If you live in one of the handful of states that have no-fault insurance laws, you might be a little frustrated trying to figure out how the state laws affect your ability to file a car accident lawsuit. Unlike states with conventional car accident liability laws that assign fault, no-fault laws put you in the interesting position of pursuing your own auto insurance policy for compensation when you've been injured. As you can imagine, this is somewhat different from suing another driver or their insurance company. Take a look at what you need to know about seeking compensation for your car accident in a no-fault insurance state.
Why Have No-Fault Laws?
To understand how a no-fault law affects you, it helps to understand why they were put in place to begin with. If you know that the other driver was responsible for causing the accident, it may seem unfair not to be able to hold them accountable in some way. But no-fault laws actually have some advantages for injured car accident victims.
The logic behind no-fault laws is to streamline the compensation process. In an at-fault state, before you can collect any money, you will need to show that you were not the responsible party (or that you were the less responsible party) before you can begin collecting money for your losses and injuries. That can take time. In a no-fault state, you don't have to waste time proving that the accident wasn't your fault before you can begin collecting compensation. Your own insurance policy will pay for your care and for your losses regardless of who caused the accident, so you can begin collecting faster. What's more, since you get to choose your own policy, you have more control over the level of compensation you receive than you would if you were relying on someone else's policy. You can always add more coverage if you want to be certain that you're well-covered in the event of an accident.
It's important to remember that the party responsible for the accident will still be held legally liable and may receive fines or even jail time for dangerous or reckless driving. The no-fault laws don't absolve the responsible driver from any penalty, they just speed up the compensation process.
The downside to no-fault laws is that there are limits to what can be covered. Generally speaking, your insurance company is only required to reimburse you for economic damages. That means that your medical bills, your prescriptions, your lost wages and your car repairs will be covered.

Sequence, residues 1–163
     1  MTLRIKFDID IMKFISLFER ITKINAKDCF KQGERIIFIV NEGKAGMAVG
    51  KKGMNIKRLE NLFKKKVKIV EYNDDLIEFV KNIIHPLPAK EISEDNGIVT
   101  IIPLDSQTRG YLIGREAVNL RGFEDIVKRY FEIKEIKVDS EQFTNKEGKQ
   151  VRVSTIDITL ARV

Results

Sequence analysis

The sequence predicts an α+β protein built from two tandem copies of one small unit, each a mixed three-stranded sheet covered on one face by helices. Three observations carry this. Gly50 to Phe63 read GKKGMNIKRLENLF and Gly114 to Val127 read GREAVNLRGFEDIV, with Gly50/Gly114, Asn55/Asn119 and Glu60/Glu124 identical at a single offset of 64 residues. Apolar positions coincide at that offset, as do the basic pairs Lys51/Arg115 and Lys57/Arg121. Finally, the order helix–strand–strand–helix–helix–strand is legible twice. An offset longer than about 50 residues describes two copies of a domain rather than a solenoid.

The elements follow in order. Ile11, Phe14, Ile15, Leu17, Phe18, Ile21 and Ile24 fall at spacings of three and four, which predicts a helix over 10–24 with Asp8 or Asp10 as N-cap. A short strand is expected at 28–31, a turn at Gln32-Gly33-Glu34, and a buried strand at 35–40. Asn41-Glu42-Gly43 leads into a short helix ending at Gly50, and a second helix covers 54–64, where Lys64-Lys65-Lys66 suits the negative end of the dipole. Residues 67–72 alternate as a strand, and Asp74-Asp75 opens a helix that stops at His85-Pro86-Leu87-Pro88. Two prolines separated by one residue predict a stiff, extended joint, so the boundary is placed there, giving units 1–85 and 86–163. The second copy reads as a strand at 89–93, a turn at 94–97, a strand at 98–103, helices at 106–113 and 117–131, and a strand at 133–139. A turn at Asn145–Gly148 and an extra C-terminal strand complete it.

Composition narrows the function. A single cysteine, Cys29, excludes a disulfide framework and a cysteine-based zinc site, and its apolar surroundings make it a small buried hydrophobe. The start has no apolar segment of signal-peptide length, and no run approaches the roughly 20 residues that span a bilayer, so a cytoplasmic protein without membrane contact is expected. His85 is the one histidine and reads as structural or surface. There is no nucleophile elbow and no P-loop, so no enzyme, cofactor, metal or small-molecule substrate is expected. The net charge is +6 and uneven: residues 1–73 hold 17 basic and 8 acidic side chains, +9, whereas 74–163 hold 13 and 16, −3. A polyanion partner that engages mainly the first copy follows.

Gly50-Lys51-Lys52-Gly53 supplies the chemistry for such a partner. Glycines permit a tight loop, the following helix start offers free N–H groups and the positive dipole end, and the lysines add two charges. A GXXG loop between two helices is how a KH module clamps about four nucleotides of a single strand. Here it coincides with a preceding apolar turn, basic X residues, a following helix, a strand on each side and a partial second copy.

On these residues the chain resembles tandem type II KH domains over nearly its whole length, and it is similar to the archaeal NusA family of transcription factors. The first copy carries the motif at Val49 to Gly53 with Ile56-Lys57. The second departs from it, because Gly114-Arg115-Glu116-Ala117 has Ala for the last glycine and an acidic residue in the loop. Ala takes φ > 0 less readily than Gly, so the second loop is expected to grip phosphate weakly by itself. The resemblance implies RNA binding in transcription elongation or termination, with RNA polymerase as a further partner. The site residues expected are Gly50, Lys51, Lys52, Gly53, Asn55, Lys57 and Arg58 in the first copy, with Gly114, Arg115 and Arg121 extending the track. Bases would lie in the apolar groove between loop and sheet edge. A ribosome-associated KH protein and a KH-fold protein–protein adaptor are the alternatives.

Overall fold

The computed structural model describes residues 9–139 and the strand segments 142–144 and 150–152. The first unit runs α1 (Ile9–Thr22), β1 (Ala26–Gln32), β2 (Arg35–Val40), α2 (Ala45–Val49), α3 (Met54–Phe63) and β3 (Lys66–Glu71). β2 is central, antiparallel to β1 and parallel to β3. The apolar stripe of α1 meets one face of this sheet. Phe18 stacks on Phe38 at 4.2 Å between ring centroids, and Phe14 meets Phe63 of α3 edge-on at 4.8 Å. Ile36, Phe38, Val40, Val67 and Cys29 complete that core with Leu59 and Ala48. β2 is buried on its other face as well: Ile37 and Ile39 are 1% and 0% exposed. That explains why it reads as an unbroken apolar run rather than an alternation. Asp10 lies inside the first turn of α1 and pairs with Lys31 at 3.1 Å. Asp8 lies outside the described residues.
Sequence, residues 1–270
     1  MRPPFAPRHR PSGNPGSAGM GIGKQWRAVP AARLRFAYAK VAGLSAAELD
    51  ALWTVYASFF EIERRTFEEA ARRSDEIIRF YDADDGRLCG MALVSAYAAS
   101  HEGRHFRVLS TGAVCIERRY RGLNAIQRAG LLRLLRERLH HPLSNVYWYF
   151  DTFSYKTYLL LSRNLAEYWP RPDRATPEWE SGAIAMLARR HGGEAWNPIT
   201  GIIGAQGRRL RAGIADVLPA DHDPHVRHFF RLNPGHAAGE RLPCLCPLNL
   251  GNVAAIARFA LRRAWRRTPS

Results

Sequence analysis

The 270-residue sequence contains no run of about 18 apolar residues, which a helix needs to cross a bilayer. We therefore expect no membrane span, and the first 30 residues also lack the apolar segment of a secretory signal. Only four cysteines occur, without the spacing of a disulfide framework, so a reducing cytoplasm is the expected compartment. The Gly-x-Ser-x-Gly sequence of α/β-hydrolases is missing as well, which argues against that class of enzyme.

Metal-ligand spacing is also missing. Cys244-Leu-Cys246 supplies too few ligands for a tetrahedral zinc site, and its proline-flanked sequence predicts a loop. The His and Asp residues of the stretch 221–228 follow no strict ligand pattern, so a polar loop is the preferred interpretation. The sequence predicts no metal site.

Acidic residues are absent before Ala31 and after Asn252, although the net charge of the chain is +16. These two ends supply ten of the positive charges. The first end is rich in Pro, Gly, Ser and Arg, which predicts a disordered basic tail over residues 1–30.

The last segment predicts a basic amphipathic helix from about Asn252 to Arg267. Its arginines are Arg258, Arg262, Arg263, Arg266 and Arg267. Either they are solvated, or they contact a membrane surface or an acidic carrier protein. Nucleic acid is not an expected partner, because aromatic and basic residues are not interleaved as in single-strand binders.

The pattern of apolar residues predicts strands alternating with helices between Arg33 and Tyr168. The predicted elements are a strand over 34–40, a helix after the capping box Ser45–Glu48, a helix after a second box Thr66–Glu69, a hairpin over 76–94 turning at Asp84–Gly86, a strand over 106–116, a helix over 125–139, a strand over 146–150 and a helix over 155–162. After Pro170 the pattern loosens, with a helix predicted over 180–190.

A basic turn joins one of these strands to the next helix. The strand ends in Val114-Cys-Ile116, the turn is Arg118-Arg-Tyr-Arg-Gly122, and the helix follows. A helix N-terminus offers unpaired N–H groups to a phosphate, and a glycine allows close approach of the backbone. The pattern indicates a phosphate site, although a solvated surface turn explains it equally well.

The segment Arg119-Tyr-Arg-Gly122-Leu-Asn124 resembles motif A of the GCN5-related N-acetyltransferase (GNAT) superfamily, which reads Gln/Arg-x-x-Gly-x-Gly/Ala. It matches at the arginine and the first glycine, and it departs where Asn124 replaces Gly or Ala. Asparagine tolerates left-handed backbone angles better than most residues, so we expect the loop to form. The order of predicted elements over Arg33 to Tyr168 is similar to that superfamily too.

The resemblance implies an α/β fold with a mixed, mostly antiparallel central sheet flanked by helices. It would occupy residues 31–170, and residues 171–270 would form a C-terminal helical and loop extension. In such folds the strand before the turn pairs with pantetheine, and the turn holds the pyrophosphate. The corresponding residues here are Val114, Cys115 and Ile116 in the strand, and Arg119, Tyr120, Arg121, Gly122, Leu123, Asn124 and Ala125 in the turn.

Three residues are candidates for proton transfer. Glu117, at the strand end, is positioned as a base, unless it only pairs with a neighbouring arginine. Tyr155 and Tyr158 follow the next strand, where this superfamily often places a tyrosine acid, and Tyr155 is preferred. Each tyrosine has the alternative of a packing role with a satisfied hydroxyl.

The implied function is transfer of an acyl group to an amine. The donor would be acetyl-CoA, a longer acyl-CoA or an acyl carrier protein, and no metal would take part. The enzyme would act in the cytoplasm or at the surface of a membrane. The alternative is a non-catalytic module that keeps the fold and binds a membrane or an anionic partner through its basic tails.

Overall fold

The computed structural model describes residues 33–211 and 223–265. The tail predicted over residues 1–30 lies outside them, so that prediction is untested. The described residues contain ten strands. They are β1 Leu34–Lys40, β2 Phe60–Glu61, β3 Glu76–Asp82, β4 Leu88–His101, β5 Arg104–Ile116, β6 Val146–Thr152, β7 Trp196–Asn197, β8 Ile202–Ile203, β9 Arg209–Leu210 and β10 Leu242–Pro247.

Do you notice anything missing from that list? If you said "pain and suffering" or "loss of future earnings", you're correct. Pain and suffering damages and loss of potential future earnings are considered non-economic damages, and your insurance company usually isn't required to pay for them. In an at-fault state, you would hold the other driver and their insurance company responsible for those damages. The major drawback of no-fault laws is that they limit your ability to collect these non-economic damages.
Going Outside the No-Fault System
Don't panic. If you've suffered non-economic damages, you may still have legal resource. Most no-fault states have rules outlining when you're allowed to step outside of the no-fault system and go after a responsible driver and their insurance company for damages above or beyond what your insurance policy will pay.
For example, in Utah you can still sue the other driver if you sustained a bone fracture, a permanent disability, or a permanent injury. In Minnesota, if you will be on disability for at least sixty days, you can sue outside of the no-fault system. Pennsylvania allows you to sue outside of the no-fault system for anything deemed a serious injury.
In a no-fault state, you may end up negotiating with your own insurance company as well as suing the other driver's insurance company for non-economic losses. It's important to consult with an experienced local attorney who can help you negotiate and determine whether your injuries qualify you to step outside the no-fault system.